Two brothers who pleaded guilty to baking a puppy to death in a gas oven were each sentenced to 10 years in prison this February.
Justin Moulder, 19, and Joshua Moulder, 17, both of Atlanta, pleaded guilty in January to a 10-count indictment on charges of aggravated cruelty to animals, burglary, criminal damage to property, making terrorist threats, and cruelty to children.
The first trial, in December 2006, ended in a mistrial. The second trial was to begin in January, but the brothers pleaded guilty in hopes of getting sentences lighter than prosecutors were asking.
On Feb. 9, Fulton County, Georgia, Superior Court Judge Thelma Wyatt Cummings Moore sentenced the brothers to the maximum penalty on several counts, however, handing down 10-year prison sentences, plus 10 years of probation. The felony animal cruelty charges carried a maximum penalty of five years in prison; the remainder of the sentences was a result of convictions from other charges.
"The way we treat animals, the way we treat the least of these, is a reflection of society," Moore said.
District Attorney Paul L. Howard Jr. said the conviction indicates the seriousness of the offenses. "The data are clear that youth who begin with these crimes escalate toward more serious criminal behavior as adults," Howard said.
According to prosecutors, on Aug. 21, 2006, a police officer dispatched to the Englewood Manor Apartments found the community center had been broken into; computers were damaged, glass broken, and paint scattered on walls and floors. A dead puppy was discovered in a gas oven that was on.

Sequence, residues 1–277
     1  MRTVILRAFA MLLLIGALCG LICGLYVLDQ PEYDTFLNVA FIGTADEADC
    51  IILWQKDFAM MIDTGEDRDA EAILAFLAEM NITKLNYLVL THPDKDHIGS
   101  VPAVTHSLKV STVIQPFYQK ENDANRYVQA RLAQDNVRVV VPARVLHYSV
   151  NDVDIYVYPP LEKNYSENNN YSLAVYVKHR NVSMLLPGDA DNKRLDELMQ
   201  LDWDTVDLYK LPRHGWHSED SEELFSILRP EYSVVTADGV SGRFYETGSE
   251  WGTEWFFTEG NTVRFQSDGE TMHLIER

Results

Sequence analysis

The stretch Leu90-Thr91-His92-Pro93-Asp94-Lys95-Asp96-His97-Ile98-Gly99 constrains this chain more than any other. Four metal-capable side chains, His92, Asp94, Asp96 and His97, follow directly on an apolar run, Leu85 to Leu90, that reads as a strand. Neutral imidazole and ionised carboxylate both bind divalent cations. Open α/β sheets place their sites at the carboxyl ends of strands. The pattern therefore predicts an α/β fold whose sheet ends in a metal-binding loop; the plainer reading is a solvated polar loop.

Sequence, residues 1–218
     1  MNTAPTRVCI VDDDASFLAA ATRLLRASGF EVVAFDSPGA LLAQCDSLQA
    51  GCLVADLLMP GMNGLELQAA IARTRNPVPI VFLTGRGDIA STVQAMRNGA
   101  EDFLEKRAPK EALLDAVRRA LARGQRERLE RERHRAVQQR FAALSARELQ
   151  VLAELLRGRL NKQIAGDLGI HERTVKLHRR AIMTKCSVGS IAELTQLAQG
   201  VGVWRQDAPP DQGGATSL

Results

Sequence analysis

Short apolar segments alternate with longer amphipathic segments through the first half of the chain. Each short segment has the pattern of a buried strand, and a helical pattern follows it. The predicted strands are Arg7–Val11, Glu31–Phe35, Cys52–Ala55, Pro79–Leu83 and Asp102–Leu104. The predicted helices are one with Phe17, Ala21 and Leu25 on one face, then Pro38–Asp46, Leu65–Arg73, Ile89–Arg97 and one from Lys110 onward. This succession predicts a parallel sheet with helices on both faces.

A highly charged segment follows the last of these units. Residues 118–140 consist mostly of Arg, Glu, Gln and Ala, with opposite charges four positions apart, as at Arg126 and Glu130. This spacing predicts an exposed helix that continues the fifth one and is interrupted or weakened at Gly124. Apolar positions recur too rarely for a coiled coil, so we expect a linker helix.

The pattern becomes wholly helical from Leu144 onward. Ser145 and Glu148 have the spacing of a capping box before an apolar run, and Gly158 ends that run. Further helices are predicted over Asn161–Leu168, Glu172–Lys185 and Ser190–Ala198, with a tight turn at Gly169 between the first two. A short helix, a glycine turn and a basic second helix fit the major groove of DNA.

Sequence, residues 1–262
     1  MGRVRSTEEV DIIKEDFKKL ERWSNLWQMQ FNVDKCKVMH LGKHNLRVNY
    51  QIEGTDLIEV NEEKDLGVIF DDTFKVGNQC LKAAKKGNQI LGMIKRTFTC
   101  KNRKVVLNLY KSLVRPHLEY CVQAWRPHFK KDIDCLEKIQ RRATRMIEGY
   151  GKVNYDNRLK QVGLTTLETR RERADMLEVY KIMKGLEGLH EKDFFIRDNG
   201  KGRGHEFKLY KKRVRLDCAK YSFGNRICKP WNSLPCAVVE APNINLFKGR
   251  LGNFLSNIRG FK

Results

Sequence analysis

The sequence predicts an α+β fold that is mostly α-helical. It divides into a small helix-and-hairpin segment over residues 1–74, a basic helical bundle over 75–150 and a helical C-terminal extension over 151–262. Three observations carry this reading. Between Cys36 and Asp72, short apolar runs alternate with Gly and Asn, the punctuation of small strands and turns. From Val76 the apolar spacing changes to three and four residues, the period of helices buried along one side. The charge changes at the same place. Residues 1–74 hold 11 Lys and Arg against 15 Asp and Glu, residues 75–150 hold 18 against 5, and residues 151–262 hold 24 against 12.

Investigators found scratch marks inside the oven, indicating the puppy had been alive when placed inside. A necropsy on the 3-month-old dog showed her paws and snout had been duct taped, and she had been doused with paint before being placed in the oven.
The cruelty to children and terrorist threat charges stemmed from reports by neighborhood children that the Moulder brothers brought them to the community center to see the dead puppy, then threatened to kill them if they told anyone what they had seen and who had done it, according to prosecutors.
At the trial, Dr. Melinda Merck, a forensic veterinarian, testified the dog had literally been cooked to death.
Animal protection groups welcomed the strong sentence. "This is a significant moment in the history of animal cruelty prosecution," said Ed Sayres, president and CEO of the American Society for the Prevention of Cruelty to Animals.
"It not only highlights the increasingly important role veterinary forensics and animal welfare experts have come to play in assisting law enforcement with their investigations, but also shows how strongly the American public feels about the inhumane treatment of animals."
At press time in late February, attorneys for the brothers were working on motions to reduce the jail sentences.